The battle for the data science language-of-choice is on. The two standout contenders are clearly R and Python. There are other contenders, but they don’t come close to the popularity of the two main languages. Should you choose R or Python to learn as the language for your data science career?
The correct answer is that you should learn both. I have read that you can pick either one and run with that choice. That certainly can work. However, it can limit your career choices.
Suppose you decide to learn R and you put all your efforts into doing this. You’ll gain a command of the R language. However, Python has taken the lead in popularity. This means that companies will be looking for more people with Python proficiency than R proficiency. There are jobs for people who know R, but just not as many.
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This information could cause you to choose Python as the language to learn. It’s a good choice, but you still are leaving several opportunities on the table by not knowing R. If you already know R, you understand why the language is popular with data scientists. It’s well-supported and quite powerful.
You limit not only the jobs available when you learn one language vs another, but also the resources too. Suppose you choose to learn R over Python. You will find plenty of resources for R programming. But, there are many resources that will be available for Python as well. Python is equally well-supported. If you don’t know Python, you’ll struggle to follow along with the sample code provided. Further, you’ll have to transfer the code into R for it to work for you. This is not impossible, but it takes more time.
If you are new to the data science field or the computer science field, for that matter, you may be thinking why should it matter which language you choose. In perfect world, it shouldn’t matter. When I first started in the computer science field, there was a shortage of programmers. Companies were willing to teach you the language they were using if you didn’t already know it going in. With the advent of the internet and globalization, however, that all changed.
Companies suddenly had the upper hand and required programmers to not only know the language these companies were using, but programmers had to be proficient in those languages. This constraint still holds true to this day. It was much easier to hire someone who could hit the ground running than to train someone.
The following is a great article on the differences between R and Python. Pay particular attention to the chart describing the differences near the end of the article.
GURU99. “R Vs Python: What's the Difference?” Meet Guru99 - Free Training Tutorials & Video for IT Courses, Guru99.Com, www.guru99.com/r-vs-python.html.
Based on the information above, you may be tempted to go all out and learn as many languages as you can that are popular with data science. This is a mistake. The benefits of doing this won’t outweigh the costs, and your skills in the two main languages will suffer as a result. It’s not ideal to be a jack-of-all-trades. You are better off becoming a master of Python and R.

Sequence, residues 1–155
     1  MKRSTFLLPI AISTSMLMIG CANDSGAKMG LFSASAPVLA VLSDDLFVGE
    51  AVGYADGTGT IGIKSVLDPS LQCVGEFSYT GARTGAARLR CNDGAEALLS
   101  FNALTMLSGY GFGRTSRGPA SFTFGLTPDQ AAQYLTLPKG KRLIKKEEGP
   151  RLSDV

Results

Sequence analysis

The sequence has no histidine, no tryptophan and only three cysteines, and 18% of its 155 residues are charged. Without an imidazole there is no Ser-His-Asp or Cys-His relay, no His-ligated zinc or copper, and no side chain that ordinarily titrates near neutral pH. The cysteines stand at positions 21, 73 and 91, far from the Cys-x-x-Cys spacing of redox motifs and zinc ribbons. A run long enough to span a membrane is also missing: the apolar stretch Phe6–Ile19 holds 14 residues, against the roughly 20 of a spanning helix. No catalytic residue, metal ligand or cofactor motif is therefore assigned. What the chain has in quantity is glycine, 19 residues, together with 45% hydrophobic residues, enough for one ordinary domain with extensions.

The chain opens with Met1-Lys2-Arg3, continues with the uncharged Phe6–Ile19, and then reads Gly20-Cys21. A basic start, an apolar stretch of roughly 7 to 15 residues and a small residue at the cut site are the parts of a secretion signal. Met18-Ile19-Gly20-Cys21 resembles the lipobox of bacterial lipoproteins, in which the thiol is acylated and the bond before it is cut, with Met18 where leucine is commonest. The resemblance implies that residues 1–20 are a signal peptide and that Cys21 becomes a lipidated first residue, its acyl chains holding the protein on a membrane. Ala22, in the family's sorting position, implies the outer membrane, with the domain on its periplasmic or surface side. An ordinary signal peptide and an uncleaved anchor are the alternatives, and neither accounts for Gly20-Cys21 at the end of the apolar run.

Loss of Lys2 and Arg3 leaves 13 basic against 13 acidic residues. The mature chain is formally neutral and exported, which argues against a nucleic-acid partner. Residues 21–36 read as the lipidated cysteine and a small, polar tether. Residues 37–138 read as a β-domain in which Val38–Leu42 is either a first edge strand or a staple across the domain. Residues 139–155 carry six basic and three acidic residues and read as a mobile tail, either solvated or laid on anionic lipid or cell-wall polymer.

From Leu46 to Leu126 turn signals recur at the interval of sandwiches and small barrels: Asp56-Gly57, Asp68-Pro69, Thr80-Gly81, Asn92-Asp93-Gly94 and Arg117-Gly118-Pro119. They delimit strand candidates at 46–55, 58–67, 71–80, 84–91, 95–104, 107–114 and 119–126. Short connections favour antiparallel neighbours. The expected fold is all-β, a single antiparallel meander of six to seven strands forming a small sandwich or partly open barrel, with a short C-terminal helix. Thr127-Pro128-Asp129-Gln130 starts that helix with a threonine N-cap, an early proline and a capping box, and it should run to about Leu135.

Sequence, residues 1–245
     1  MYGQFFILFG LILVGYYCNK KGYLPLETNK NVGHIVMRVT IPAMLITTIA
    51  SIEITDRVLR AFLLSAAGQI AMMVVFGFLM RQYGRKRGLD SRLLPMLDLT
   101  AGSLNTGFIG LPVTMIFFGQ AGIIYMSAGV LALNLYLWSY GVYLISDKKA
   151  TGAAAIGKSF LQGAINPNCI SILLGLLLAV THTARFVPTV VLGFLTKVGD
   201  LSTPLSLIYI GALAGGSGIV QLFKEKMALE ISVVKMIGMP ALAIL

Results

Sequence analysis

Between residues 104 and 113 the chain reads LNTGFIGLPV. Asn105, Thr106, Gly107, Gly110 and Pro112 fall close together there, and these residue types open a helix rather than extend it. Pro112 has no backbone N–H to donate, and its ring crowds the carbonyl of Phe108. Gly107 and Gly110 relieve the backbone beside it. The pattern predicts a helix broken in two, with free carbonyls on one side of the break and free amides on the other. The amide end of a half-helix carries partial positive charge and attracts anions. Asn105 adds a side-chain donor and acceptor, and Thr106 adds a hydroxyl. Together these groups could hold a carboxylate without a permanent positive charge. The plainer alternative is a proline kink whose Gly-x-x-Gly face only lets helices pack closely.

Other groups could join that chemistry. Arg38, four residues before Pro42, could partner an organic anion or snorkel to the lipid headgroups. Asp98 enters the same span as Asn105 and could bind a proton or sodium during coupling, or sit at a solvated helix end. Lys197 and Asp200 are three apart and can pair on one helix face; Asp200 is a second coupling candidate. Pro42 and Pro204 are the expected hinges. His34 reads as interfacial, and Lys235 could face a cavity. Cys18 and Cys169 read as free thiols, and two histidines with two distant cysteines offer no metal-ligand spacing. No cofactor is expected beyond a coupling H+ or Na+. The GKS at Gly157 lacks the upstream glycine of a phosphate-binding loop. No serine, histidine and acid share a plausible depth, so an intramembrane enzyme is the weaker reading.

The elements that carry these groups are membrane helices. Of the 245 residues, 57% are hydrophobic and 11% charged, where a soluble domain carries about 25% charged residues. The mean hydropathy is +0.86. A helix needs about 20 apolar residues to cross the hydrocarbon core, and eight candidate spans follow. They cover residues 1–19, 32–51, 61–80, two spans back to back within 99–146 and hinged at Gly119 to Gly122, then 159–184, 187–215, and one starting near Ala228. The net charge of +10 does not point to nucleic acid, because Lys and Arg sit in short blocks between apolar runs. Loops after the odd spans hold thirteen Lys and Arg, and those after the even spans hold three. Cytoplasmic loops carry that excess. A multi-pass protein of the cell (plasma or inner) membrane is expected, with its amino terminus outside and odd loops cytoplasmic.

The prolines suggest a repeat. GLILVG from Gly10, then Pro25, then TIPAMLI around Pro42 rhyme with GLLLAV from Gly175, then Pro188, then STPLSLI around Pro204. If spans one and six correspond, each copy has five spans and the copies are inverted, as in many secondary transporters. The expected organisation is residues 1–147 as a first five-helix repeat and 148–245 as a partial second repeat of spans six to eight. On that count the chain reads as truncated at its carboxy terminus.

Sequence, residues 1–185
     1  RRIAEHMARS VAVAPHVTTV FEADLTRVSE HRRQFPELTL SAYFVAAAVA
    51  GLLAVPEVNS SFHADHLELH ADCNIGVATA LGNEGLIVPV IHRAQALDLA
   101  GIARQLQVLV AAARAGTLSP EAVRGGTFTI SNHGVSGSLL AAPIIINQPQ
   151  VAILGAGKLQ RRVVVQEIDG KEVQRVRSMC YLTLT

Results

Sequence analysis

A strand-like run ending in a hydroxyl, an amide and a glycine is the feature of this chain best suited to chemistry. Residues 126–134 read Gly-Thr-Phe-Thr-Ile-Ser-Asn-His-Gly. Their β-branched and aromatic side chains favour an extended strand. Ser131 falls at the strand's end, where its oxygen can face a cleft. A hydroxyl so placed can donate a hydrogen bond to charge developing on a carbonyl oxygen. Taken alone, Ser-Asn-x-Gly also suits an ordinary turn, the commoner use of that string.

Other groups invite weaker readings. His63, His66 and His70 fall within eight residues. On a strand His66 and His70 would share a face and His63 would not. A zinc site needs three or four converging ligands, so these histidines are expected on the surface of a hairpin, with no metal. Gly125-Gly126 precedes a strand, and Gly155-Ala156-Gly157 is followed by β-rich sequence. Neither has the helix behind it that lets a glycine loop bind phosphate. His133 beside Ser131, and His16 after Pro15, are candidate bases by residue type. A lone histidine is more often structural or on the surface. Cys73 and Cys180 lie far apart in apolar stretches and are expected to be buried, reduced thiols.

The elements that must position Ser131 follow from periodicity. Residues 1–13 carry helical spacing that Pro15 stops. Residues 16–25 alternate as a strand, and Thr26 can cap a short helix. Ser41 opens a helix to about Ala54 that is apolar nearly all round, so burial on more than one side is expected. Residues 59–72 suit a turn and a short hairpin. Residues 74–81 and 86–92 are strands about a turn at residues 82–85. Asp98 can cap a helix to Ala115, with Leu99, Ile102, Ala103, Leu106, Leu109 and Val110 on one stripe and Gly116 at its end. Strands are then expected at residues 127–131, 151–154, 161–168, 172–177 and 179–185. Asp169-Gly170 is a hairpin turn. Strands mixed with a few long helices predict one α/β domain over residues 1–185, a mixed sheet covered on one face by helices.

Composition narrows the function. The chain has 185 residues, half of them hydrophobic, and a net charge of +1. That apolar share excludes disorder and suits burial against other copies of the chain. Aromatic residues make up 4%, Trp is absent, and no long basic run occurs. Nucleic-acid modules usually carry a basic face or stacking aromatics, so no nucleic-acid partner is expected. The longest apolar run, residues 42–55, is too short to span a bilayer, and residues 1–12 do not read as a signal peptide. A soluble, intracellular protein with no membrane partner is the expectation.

I believe that companies are putting too much emphasis on the programming languages. It is an important aspect of a data science job, to be sure. But, it isn’t the main aspect of the job. When you learn a language such as R or Python, that doesn’t make you an instant data science guru. You can learn these languages without ever using data science libraries or machine learning algorithms. When you learn the techniques of data science, however, you can use any language to apply them. Of course, you’ll need to use some programming language when you set out to learn data science.
No one can say with any certainty what languages will be popular for data science in the future. The field will have matured to the point where languages aren’t needed as much. What this means is you should keep on top of any developments in the field and adjust accordingly. This isn’t easy, and you won’t always get it right. But, it is one of those unspoken requirements of technology-related fields.
Unfortunately, this means what you learn now, i.e., Python and R, may not be as popular five years from now. But, these are the two main languages in the field at this point in time.
There is nothing wrong with getting started with one language and becoming proficient in it to the point where you can get hired. However, don’t become complacent. When you find a job, make sure you keep up the commitment to learning the other language you didn’t choose. When developments emerge, be ready to shift your focus. Doing so will help you recognize the opportunities as they present themselves.
If you want a good language to start with, you should learn Python first. It's a bit easier to grasp than R. It's not that the R language is difficult, but it wasn't a language that was created with programmers in mind. It was created for statisticians. Personally, I love the R language and it is my preferred choice.
James is a data science writer who has several years' experience in writing and technology. He helps others who are trying to break into the technology field like data science. If this is something you've been trying to do, you've come to the right place. You'll find resources to help you accomplish this.